Wednesday, February 24, 2016

Half Asleep in Frog Pajamas

    Tom Robbins always has the dopest titles. Every good title needs a good bookmark to complement it, so I paired Half Asleep in Frog Pajamas with this little number:

A staple of every young woman’s repertoire: a penis that holds your place in a book. Shout out to Ashley McHugh for the stellar gift.

     Speaking of penises…Tom Robbins loves to talk about them. This 1994 novel was reminiscent of the other two I’ve read (and reviewed: here and here), particularly in his inclusion of lurid sex scenes, which have me rocking the rosacea look on the subway. Other distinctive Robbins signs:
  •       Use of women as powerful protagonists. The main character here is Gwendolyn Mati. It seems that she is intended to be unlikeable and, sure enough, she is. She’s an uptight, judgmental stockbroker who is unwittingly swept into a swarm of scandals. In his other works, the fabulous female characters have driven the plot; I’m always curious as to what they’ll do next because I find them inherently interesting. In this case, since Gwendolyn fell flat, I was more prone to boredom.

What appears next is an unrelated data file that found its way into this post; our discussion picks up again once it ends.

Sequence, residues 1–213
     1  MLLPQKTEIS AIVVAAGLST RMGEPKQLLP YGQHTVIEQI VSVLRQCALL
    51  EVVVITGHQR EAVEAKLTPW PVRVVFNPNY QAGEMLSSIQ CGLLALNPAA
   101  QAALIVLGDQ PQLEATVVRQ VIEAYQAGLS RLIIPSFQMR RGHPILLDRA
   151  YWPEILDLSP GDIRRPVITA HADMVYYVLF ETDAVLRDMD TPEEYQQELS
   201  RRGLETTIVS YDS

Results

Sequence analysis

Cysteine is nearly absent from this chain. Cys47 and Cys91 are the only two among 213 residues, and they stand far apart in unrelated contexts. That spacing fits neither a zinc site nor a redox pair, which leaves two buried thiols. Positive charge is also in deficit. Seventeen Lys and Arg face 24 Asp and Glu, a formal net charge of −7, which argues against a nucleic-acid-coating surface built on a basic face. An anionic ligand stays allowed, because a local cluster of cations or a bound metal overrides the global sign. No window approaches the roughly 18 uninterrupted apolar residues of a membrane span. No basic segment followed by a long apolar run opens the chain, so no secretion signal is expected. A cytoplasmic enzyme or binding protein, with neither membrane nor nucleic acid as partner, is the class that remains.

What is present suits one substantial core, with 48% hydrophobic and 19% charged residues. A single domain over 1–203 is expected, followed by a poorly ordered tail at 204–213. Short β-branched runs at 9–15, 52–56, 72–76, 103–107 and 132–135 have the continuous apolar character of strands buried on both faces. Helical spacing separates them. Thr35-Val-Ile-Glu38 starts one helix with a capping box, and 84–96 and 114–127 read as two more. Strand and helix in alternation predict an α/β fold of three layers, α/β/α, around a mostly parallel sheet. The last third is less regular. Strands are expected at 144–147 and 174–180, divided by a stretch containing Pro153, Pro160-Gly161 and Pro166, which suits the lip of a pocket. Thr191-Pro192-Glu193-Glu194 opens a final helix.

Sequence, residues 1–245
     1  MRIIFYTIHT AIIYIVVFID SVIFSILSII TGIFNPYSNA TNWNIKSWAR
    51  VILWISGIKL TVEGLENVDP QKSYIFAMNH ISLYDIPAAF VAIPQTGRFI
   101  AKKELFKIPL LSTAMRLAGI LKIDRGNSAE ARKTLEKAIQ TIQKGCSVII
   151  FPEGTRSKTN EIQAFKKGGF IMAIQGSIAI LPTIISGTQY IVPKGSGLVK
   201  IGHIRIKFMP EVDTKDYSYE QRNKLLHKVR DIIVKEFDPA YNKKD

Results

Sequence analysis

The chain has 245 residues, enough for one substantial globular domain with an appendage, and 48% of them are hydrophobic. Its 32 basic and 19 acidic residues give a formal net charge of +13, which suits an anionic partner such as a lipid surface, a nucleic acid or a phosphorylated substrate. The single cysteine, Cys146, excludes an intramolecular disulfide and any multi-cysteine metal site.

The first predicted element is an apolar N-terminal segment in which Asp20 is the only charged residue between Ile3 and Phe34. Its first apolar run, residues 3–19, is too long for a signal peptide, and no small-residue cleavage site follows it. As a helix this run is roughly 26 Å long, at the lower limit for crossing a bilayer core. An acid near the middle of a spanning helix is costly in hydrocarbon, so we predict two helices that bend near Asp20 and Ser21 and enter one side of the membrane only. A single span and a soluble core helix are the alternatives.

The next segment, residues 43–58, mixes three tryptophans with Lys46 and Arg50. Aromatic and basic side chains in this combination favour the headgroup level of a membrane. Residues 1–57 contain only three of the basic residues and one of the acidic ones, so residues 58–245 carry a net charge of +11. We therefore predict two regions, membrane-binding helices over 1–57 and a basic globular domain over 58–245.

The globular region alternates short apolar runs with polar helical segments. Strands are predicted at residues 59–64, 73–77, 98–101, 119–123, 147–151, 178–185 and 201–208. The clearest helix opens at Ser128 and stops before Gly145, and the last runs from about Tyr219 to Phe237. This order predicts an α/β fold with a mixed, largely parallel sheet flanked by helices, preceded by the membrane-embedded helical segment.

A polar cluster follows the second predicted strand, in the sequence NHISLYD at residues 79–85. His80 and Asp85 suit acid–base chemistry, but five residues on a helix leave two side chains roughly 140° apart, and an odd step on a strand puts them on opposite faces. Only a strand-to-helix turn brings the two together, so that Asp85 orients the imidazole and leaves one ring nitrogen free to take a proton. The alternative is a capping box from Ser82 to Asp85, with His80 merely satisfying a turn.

• Not-so-subtle social commentary. Robbins has fully embraced a hippie persona in real life…and it shows. I eat it up. He emphasizes how important it is to protect our environment and not treat the world in such an entitled way. He makes clever digs at the church as an institution and encourages us to think for ourselves rather than blindly embrace religious dogma.  He basically kills it on this front.